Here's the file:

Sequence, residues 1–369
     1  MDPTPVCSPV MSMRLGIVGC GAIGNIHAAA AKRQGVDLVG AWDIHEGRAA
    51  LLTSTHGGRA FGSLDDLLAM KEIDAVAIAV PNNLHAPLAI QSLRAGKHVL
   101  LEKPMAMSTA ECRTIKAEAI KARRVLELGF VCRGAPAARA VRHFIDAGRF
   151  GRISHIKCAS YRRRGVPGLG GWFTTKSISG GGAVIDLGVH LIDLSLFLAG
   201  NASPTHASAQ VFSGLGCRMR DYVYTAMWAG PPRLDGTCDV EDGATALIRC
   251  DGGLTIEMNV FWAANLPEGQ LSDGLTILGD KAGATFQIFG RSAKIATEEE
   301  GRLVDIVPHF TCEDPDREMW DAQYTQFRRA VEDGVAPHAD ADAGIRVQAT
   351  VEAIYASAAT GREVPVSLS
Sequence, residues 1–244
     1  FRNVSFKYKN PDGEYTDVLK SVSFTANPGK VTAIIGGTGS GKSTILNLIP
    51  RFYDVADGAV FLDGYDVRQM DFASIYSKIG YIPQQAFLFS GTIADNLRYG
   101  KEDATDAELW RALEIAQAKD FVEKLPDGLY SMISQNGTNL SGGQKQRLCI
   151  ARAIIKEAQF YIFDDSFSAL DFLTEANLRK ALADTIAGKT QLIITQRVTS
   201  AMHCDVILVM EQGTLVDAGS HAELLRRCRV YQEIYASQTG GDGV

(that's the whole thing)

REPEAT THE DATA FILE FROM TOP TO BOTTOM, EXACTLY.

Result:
Sequence, residues 1–369
     1  MDPTPVCSPV MSMRLGIVGC GAIGNIHAAA AKRQGVDLVG AWDIHEGRAA
    51  LLTSTHGGRA FGSLDDLLAM KEIDAVAIAV PNNLHAPLAI QSLRAGKHVL
   101  LEKPMAMSTA ECRTIKAEAI KARRVLELGF VCRGAPAARA VRHFIDAGRF
   151  GRISHIKCAS YRRRGVPGLG GWFTTKSISG GGAVIDLGVH LIDLSLFLAG
   201  NASPTHASAQ VFSGLGCRMR DYVYTAMWAG PPRLDGTCDV EDGATALIRC
   251  DGGLTIEMNV FWAANLPEGQ LSDGLTILGD KAGATFQIFG RSAKIATEEE
   301  GRLVDIVPHF TCEDPDREMW DAQYTQFRRA VEDGVAPHAD ADAGIRVQAT
   351  VEAIYASAAT GREVPVSLS
Sequence, residues 1–244
     1  FRNVSFKYKN PDGEYTDVLK SVSFTANPGK VTAIIGGTGS GKSTILNLIP
    51  RFYDVADGAV FLDGYDVRQM DFASIYSKIG YIPQQAFLFS GTIADNLRYG
   101  KEDATDAELW RALEIAQAKD FVEKLPDGLY SMISQNGTNL SGGQKQRLCI
   151  ARAIIKEAQF YIFDDSFSAL DFLTEANLRK ALADTIAGKT QLIITQRVTS
   201  AMHCDVILVM EQGTLVDAGS HAELLRRCRV YQEIYASQTG GDGV